Step Two: Motivations Step Three: Basic Assumptions Step Four: Goal-Oriented Behavior Step Five: *Meeting the Goal Step Six: Partial or Temporary Satisfaction Step Seven: Vague Sense of Emptiness Step Eight / One: Back to Step One (Crabb, 122). *Note: Obstacles can prevent people from reaching goals (Crabb, 130). Note also: There is a branch off here as well. Once people meet the goals, they can branch off and reach the pitiable but honest stage of utter despair (Crabb, 123). Dr. Crabb is clear that nothing apart from relationship with Christ will ever satisfy (Crabb, 122). The most basic problem of every human being is his separation from God, a gulf made necessary by the fact that God is holy and we are not. 7. Counselors function & role (What does counselor/counselee relationships look like?) The function of Christian professionals will be twofold: (1) train gifted Christians in the local church to counsel; and (2) offer backup resources where needed (Crabb, 17). This means the counselor must know Christ and the Bible. They must counsel out of their own spiritual life and provide training for others. Dr. Crabb suggests that the goal of all true counseling is: to free people to better worship and serve God (Crabb, 24). This is what it means to counsel people by helping them to be mature Christians (Crabb, 31). The role of the counselor is to correct wrong patterns of living developed from wrong philosophies of life (see Proverbs 23:7). This means that teaching is the counselors greatest tool (Crabb, 71). This means that the counselor strives for enlightenment and deals with biblical

thinking. They are the professionally trained counselors that can deal with deep persistent problems (Crabb, 163). 8. Major contribution to counseling (How does this theory impact counseling?) Dr. Crabbs major contribution to counseling is his Spoiling the Egyptians approach: using only the best of psychology that fits into a biblical model. This stems from his convictions, which may be an even greater influence in counseling. They are: Conviction #1: God - Life revolves around knowing the Triune God and relating with each Person in the community of God (Crabb, 9). Conviction #2: We have a problem: our rebellion from turning to God. Conviction #3: The Bible is true and sufficient. Conviction #4: Psychology is not sufficient. It must come under the authority of Scripture. Conviction #5: Our deepest problems are most effectively addressed within the Christian community. 9. Limitations of this counseling theory (What are the practical boundaries of this

methodology?) Dr. Crabbs counseling theory has limitations that are self-imposing. He limits counselings benefits to Christians only. He truly believes that the goal of all true counseling is to free people to better worship and serve God (Crabb, 24). This means that the goal is to help people to be mature Christians (Crabb, 31). How do you help people in counseling who do not want to be mature Christians? The answer: you cannot. Dr. Crabb does believe that mental health is best defined in terms of a person's genuine interest in expressing himself for the good of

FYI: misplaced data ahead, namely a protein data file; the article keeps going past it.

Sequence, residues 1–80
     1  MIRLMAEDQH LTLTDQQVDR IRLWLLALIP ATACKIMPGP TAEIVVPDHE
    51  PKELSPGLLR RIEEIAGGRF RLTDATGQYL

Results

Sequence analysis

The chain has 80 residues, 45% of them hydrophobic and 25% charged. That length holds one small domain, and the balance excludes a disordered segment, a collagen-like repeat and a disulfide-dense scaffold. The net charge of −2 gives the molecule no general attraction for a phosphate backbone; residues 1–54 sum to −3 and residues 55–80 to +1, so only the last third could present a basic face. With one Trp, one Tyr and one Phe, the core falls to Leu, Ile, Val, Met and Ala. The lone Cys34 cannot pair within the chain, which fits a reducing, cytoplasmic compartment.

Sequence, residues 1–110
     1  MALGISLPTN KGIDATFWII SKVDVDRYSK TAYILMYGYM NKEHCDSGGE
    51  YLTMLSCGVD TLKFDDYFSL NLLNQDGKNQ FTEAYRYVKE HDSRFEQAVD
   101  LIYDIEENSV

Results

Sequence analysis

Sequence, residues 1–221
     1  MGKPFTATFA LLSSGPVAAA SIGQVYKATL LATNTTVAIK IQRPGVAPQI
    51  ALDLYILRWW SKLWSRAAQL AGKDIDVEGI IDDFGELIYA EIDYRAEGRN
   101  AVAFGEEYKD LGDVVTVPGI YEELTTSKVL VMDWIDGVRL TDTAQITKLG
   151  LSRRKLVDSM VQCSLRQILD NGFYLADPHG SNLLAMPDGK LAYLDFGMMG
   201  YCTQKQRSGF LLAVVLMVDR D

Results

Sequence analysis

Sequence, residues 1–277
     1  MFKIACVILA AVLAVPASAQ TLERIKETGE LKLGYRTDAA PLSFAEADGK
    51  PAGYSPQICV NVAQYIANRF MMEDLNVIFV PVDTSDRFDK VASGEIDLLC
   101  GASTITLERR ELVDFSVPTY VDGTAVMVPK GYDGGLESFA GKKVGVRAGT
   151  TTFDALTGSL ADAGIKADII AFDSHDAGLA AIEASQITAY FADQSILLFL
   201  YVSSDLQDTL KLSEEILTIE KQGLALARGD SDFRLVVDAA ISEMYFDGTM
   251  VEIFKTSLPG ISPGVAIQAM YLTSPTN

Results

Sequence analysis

others (Crabb, 82). If a person cannot look beyond themselves then biblical counseling would not be for them. This is probably a good limitation. 10. etc.) Dr. Crabbs counseling theory is both integrational and biblical. We should integrate psychological tools that do not conflict with the Scriptures, while constantly using the Bible as our guide. Dr. Crabb does not believe that the nouthetic (confrontational) approach as popularized by Jay Adams is sufficient. He believes that counseling should include a paramuthetic (supportive) approach - much like the Holy Spirit is called the Paraklete (Helper or Counselor). This involves love and support, not just confrontation (Crabb, 144). PRACTICAL APPLICATION 1. Give practical application to the authors material as relates to the utility for the Classification (nouthetic, biblical, Christian, Christian psychology, integrational,

overall discipline of counseling and the specific potential influence upon your life and ministry. Dr. Larry Crabbs Effective Biblical Counseling: A Model for Helping Caring Christians Become Capable Counselors is an excellent work. He truly believes that God has ordained the local church to be his primary instrument in healing people through counseling. There was great encouragement to implement certain ministries in the ministry and my life: (1) Consistently preach and teach on the one-anothers in the Bible so that the whole church body practices encouragement. Also: be an example in it. (2) Make sure that the church leaders and certain couples are trained in counseling. Possibly create curriculum for exhortation on Biblical Behaviors. Offer back-up resources for these specifically trained leaders.

(3) Make myself more available as a trained counselor. (4) See that everyone, but primarily men, understand their significance (purpose, importance, adequacy, etc.) in Christ. (5) See that everyone, but primarily women, understand the security and love they find in Christ. Possibly use Dr. Emerson Eggerich's Love & Respect: The Love She Most Desires, the Respect He Desperately Needs as material. (6) Teach people to identifying problem feelings, behaviors and thinking by helping them to think biblical. (7) Dont just accept any teaching from psychology. Psychology falls under general revelation, and so it is not sufficient. It must come under the authority of Scripture. 2. Give a brief example of how this authors book might impact a counseling moment. In counseling, the presenting problem may be a symptom of a primary need not being met. A Christian counselors job is to help people discover how their primary needs are met in Christ. The world, the flesh (their own innate resistance to seeking after God), and the devil sadly often contribute to teach people false basic assumptions about how personal needs are met. They will state that a false assumption is the problem while really they are seeking security or significance. Dr. Crabb gives as an example common false assumptions (Crabb, 118): I will be significant if: I have money I excel I never make a mistake I am a steady worker My kids turn out well


I am granted recognition by my peer group I am included in important circles.

I will be secure if: I have a loving husband I am never criticized Everyone accepts me No one frowns or hollers or in some way rejects me.

These false assumptions make people to latch on to ungodly goals. Biblical teaching in counseling would help people see that external circumstances or other people will not bring security nor significance; only Christ does!